In defense of Fox News

It is increasingly popular in some conservative circles to bash the Fox News Channel.  As one who has followed Fox News closely since its launch in 1996 and has written about it extensively — including critically when I felt that it was warranted — I would like to vehemently disagree with the recent rash of naysayers.

It has become fashionable for right-of-center critics to share a perception of Fox News as having abandoned its conservative roots and veered to the left.  Many commentators claim that the cause for this perceived leftward drift is the enhanced role of the purportedly left-of-center "Murdoch Boys," James and Lachlan — the sons of Fox News co-founder Rupert Murdoch.  I should know something about this subject, since it was apparently my article at American Thinker published on June 12, 2017 that first established the meme of the "Murdoch Boys."  (The fact is that today, only one of the Murdoch sons has a role at the New Fox — Lachlan Murdoch, who is the chairman and CEO of the Fox Corporation.  His brother James is not involved in the Fox company, including Fox News, at all.)

My reporting on the "Murdoch Boys" in June 2017 was then, and this is now.  In the summer of 2017, Fox News was in a chaotic state.  Its most popular prime-time host, Bill O'Reilly, had been let go in late April, and the prime-time schedule was a mess.  The channel's co-founder and hands-on programmer, media genius Roger Ailes, had been forced out the previous summer.  The outlook for the future of Fox News in mid-2017 seemed uncertain.

By early fall, however, the channel had righted itself.  Longtime conservative stalwart Sean Hannity had reclaimed his prime-time slot of 9 P.M. E.T., conservative icon Laura Ingraham was added to the schedule at 10 P.M., and brilliant conservative writer and veteran TV host Tucker Carlson was firmly ensconced at 8 P.M.  For the first time in its 21-year history, Fox News prime time comprised uniformly strong unabashed conservative hosts.  Once again, Fox News took the unquestioned lead in the highly competitive ratings battles with MSNBC and CNN.

All three of Fox News's prime-time conservative opinion programs were repeated in order for the Pacific Time Zone, and they were preceded and followed by live news hours anchored by veteran broadcasters Martha MacCallum and Shannon Bream.  This evening schedule represented eight hours of consistent high-quality programming that had never before been equaled on the channel.

Meanwhile, Fox and Friends — the live morning show that airs from 6 to 9 A.M. E.T. M–F (and four hours on Saturdays and Sundays) — with weekday hosts Steve Doocy, Brian Kilmeade, and Ainsley Earhardt, was consistently conservative and patriotic in tone and emerged as one of President Donald Trump's favorite programs.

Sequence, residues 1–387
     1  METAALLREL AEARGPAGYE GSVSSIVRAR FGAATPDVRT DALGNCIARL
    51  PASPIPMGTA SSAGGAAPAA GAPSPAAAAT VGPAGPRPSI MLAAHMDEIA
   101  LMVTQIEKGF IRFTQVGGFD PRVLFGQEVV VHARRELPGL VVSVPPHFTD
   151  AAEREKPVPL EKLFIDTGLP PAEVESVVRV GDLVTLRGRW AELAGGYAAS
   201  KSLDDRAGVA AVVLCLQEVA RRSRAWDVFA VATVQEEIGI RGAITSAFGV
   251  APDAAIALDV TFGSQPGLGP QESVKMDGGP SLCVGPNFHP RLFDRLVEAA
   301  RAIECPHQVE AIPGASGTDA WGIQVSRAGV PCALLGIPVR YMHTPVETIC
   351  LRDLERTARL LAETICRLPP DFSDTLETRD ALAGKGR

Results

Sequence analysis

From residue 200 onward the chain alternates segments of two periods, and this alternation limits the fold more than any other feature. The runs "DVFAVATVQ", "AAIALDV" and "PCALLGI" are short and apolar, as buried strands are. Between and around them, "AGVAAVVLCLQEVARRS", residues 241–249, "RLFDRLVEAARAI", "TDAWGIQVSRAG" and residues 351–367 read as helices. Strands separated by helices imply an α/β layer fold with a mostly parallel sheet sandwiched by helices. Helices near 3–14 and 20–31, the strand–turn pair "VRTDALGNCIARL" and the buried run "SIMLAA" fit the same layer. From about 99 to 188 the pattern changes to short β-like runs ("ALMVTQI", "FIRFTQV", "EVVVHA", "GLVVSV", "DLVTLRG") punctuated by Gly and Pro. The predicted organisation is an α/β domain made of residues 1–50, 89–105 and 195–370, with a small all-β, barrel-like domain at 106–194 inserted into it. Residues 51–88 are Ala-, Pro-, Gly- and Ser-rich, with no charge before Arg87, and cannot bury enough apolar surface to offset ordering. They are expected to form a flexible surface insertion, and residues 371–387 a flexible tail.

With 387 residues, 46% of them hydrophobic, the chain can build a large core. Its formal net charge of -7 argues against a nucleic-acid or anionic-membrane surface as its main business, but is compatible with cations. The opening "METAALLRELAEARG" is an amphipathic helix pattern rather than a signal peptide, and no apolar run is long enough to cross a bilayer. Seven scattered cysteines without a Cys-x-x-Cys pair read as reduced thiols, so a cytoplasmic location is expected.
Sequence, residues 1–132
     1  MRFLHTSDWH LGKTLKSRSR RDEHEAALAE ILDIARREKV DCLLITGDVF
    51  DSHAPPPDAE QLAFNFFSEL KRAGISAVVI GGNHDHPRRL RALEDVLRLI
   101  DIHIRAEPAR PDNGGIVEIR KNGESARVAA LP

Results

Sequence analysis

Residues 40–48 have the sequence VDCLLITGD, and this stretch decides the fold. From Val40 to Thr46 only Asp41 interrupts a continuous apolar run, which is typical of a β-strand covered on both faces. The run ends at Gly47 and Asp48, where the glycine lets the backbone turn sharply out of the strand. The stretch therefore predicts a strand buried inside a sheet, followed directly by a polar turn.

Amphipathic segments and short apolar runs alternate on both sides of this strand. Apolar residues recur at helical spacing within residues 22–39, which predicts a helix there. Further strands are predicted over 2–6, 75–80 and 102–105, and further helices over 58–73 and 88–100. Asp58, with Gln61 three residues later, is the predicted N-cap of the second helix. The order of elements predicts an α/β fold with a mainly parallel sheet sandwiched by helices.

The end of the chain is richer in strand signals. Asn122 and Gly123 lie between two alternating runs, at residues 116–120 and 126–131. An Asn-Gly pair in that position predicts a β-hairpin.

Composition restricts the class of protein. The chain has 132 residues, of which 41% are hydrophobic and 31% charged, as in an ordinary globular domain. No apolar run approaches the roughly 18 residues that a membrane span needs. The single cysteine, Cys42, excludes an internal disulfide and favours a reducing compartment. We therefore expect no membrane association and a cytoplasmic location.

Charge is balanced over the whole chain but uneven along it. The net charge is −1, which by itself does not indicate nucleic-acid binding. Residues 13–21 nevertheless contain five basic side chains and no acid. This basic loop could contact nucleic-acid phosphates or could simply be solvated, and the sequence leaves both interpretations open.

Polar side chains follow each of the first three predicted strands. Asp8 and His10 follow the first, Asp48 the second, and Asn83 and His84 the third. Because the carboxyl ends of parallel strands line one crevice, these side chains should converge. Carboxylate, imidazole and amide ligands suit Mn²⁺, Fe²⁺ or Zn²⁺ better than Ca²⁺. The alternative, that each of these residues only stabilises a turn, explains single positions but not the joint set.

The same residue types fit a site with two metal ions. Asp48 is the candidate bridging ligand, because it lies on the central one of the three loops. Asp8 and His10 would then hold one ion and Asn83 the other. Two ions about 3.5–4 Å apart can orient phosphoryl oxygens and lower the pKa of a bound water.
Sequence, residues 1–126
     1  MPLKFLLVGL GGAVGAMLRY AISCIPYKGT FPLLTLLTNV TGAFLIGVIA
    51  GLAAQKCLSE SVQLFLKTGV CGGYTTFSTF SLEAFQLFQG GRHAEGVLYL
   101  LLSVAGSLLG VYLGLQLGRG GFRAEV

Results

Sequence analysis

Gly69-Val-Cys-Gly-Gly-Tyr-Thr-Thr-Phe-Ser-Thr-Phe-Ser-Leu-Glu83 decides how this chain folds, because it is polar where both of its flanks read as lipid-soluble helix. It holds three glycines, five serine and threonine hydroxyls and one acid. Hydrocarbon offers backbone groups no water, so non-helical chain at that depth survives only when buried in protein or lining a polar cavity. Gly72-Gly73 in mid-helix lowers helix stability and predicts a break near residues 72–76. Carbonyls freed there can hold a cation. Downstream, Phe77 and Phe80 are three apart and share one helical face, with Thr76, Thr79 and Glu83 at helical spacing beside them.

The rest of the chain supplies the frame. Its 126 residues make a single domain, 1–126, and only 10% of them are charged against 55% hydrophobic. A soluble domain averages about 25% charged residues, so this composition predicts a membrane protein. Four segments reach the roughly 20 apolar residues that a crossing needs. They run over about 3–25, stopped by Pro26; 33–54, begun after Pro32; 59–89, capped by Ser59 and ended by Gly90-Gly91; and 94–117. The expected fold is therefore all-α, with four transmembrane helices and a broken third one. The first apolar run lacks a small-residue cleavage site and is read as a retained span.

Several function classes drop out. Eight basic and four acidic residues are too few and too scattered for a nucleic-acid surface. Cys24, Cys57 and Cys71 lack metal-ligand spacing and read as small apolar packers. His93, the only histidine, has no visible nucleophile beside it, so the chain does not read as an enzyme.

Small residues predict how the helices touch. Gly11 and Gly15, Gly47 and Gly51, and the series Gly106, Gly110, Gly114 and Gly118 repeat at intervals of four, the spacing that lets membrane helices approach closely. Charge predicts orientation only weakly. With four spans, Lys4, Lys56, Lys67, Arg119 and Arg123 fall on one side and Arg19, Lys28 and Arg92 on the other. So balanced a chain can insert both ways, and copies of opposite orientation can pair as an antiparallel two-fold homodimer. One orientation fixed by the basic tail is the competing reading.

Much of the rest of the day, Fox News was either fair and balanced (its news programming) or tilting right of center.  Notable exceptions were Shepard Smith's 3 P.M. E.T. eponymous news hour and, as some would claim, Your World with Neil Cavuto that followed.

On the weekends, Fox News was reliably and consistently conservative in its evening opinion shows, with weekly shows hosted by Judge Jeanine Pirro, Greg Gutfeld, Jesse Watters, Steve Hilton, and Mark Levin.  An occasional series, Scandalous, provided some of the best and most probing documentaries about previously taboo subjects (the Chappaquiddick incident, the Clinton impeachment, and the trial of William Kennedy Smith).

Since the advent of the Trump administration and the fake news Russia collusion meme, meanwhile, Fox News prime time has provided platforms for guests who have advanced our understanding of the depth of the Deep State's attempted coup against President Trump.  Names of some of the regular guests that come to mind include Sara Carter, John Solomon, Dan Bongino, Tom Fitton, Jay Sekulow, Sidney Powell, and Dr. Robert Epstein, among many others.  The last time I checked, these and other guests continue to appear uncensored on Fox News.

Another indication of Fox News's continuing importance: it is the platform that President Trump and leading members of his administration choose to appear on.

I just reread a feature article that I wrote for American Thinker on January 10, 2019, "Conservative Critics of Fox News Need to Get a Grip" — and I think everything that I reported then is still accurate today, six and a half months later.

I asked rhetorically in January, and I will repeat it now:

For those who insist that they never watch Fox News because it's just another part of the biased and failing MSM, be careful what you wish for.  If it drastically changes its current course or somehow disappears from cable TV, I can guarantee that it will be missed.

Peter Barry Chowka writes about politics, media, popular culture, and health care for American Thinker and other publications.  Peter's website is http://peter.media.  Follow him on Twitter at @pchowka.